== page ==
The Answer, to the Guidwife of Wauchope-House

Guidwife, I Mind it weel in early date, When I was beardless, young, and blate, An' first could thresh the barn, Or haud a yokin' at the pleugh; An, tho' fu' foughten sair eneugh, Yet unco proud to learn. When first amang the yellow corn A man I reckon'd was; An' with the lave ilk merry morn Could rank my rig and lass; Still shearing, and clearing The tither stooked raw; Wi' claivers, an' haivers, Wearing the day awa: Ev'n then, a wish, (I mind its power) A wish,that to my latest hour Shall strongly heave my breast; That I for poor auld Scotland's sake Some useful plan, or book could make, Or sing a sang at least. The rough burr-thistle, spreading wide Amang the bearded bear, I turn'd the weeder-clips aside, An' spar'd the symbol dear. No nation, no station My envy e'er could raise: A Scot still, but blot still, I knew no higher praise. But still the elements o' sang In formless jumble, right an' wrang, Wild floated in my brain; Till on that hairst I said before, May partner in the merry core, She rous'd the forming strain. I see her yet, the sonsie quean, That lighted up my jingle; Her pauky smile, her kittle een, That gar't my heart-strings tingle. So tiched, bewitched, I rav'd ay to mysel; But bashing and dashing, I kend na how to tell. Hale to the sex, ilk guid chiel says, Wi' merry dance in winter days, An' we to share in common: The gust o' joy, the balm of woe, The saul o' life, the heav'n below, Is rapture-giving woman. Ye surly sumphs, who hate the name, Be mindfu' o' your mither: She, honest woman, may think shame That ye're connected with her. Ye're wae men, ye're nae men, That slight the lovely dears: To shame ye, disclaim ye, Ilk honest birkie swears. For you, na bred to barn and byre, Wha sweetly tune the Scottish lyre, Thanks to you for your line. The marled plaid ye kindly spare, By me should gratefully be ware; 'Twad please me to the nine. I'd be mair vauntie o' my hap, Douce hingin owre my curple, Than ony ermine ever lap, Or proud imperial purple. Farewell then, lang hale then, An' plenty be your fa': May losses and crosses Ne'er at your hallan ca'.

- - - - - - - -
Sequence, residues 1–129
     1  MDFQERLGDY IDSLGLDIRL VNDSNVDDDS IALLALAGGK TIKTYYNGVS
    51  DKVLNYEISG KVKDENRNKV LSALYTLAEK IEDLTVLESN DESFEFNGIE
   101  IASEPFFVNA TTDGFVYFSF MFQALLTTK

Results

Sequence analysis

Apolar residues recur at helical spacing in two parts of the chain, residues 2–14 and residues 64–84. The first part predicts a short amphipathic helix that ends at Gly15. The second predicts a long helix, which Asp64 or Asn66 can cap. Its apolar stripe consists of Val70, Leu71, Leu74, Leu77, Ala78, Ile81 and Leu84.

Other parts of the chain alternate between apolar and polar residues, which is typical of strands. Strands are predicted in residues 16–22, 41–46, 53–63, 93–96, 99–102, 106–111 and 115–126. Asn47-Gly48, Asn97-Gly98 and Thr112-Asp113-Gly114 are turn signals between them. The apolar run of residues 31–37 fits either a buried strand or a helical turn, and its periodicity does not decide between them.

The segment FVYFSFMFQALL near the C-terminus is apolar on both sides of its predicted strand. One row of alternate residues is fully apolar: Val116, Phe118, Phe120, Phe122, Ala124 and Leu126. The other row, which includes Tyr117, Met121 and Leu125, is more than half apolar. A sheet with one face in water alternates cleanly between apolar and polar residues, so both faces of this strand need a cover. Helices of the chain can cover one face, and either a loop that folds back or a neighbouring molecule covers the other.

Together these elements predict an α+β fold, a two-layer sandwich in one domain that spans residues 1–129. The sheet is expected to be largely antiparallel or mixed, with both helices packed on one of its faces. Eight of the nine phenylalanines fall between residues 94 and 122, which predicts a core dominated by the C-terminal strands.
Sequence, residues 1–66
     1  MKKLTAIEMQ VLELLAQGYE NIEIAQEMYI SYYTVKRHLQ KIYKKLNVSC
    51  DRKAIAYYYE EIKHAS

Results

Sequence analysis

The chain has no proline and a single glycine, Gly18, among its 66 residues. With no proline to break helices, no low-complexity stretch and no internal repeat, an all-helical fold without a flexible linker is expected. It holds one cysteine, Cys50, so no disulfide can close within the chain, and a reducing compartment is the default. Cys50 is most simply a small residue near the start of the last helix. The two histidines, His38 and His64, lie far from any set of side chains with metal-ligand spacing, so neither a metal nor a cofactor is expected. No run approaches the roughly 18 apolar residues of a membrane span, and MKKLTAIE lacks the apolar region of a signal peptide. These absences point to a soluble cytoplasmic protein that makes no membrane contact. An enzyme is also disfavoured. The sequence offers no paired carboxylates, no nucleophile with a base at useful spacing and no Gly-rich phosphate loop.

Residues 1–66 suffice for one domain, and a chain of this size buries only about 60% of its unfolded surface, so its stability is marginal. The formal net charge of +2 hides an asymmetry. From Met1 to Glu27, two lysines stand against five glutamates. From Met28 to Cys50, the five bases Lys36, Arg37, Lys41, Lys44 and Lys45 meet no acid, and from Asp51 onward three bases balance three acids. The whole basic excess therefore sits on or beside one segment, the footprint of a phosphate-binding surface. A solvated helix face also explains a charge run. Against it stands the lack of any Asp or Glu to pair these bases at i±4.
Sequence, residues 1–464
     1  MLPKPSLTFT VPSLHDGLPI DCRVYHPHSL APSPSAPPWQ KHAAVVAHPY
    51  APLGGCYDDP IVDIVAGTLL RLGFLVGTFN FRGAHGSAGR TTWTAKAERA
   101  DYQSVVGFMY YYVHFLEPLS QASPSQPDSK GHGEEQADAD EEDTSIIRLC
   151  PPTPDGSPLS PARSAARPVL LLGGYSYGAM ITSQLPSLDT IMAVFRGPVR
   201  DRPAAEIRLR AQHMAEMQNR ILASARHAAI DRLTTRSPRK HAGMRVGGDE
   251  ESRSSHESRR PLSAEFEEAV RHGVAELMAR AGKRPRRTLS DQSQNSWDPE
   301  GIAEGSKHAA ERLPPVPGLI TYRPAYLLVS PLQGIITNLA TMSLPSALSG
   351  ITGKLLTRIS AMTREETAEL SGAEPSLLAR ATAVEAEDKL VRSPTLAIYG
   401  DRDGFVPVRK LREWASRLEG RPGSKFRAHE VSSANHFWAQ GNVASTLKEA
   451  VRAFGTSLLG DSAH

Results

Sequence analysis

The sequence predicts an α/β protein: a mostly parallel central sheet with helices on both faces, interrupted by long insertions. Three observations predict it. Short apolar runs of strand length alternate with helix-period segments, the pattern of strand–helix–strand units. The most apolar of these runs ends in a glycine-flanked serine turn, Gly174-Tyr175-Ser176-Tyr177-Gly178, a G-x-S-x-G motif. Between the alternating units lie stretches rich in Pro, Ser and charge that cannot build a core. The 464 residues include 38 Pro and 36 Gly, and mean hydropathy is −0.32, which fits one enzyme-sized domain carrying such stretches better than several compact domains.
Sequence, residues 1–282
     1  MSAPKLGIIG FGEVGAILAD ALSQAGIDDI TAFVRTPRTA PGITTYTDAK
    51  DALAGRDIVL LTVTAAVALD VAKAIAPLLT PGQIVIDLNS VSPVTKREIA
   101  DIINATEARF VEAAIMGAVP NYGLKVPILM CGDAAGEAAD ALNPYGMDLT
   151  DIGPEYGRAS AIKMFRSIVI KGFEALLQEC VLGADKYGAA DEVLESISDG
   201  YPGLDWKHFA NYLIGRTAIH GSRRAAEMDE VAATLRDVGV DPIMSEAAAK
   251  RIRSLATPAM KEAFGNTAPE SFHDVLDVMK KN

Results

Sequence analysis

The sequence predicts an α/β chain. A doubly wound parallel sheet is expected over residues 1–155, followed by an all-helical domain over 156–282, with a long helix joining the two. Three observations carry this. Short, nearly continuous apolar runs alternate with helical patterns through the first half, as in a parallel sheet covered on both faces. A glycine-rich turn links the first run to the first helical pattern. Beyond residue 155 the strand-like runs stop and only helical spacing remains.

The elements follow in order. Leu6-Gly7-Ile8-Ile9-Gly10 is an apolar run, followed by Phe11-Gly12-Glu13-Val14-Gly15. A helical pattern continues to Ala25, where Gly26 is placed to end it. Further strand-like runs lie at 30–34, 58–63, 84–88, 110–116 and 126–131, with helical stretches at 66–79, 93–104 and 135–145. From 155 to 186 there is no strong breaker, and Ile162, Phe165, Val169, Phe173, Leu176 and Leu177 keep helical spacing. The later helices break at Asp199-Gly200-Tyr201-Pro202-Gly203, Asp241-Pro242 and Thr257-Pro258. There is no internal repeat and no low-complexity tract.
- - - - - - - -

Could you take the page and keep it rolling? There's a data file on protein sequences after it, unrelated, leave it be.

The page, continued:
John Cairney

About this work

This is a poem by Robert Burns. It was written in 1787 and is read here by John Cairney.

More about this poem

This epistle was composed in response to Elizabeth Scott (1729 - 1789), an Edinburgh poetess who sent Robert Burns a verse epistle in admiration of his Kilmarnock edition, Poems, Chiefly in the Scots Dialect (1787).

Accompanying her verse was the 'marled plaid' to which Burns refers in the penultimate stanza of this poem. Following their poetic correspondence, Burns briefly met Elizabeth during his tour of the Scottish borders in 1787.

Shortly after Elizabeth Scott's death, her family published her works in the edition Alonzo and Cora with other Original Poems, Principally Elegiac to which are added Letters in Verse by Blacklock and Burns (1801) immediately followed by Burns's 'Answer'.

Here Burns flatters Miss Scott's poetry by stating that she 'sweetly tune[s] the Scottish lyre'. That the poet took time to reply in such complimentary verse would suggest that Burns was impressed by the poetess's work.

Pauline Mackay

Themes for this poem

farming poetry woman

Selected for 28 February

This is Robert Burns's reply to the fan letter which comprises the selection for 27 February.

Donny O'Rourke

Skip to top

BBC © 2014 The BBC is not responsible for the content of external sites. Read more.

This page is best viewed in an up-to-date web browser with style sheets (CSS) enabled. While you will be able to view the content of this page in your current browser, you will not be able to get the full visual experience. Please consider upgrading your browser software or enabling style sheets (CSS) if you are able to do so.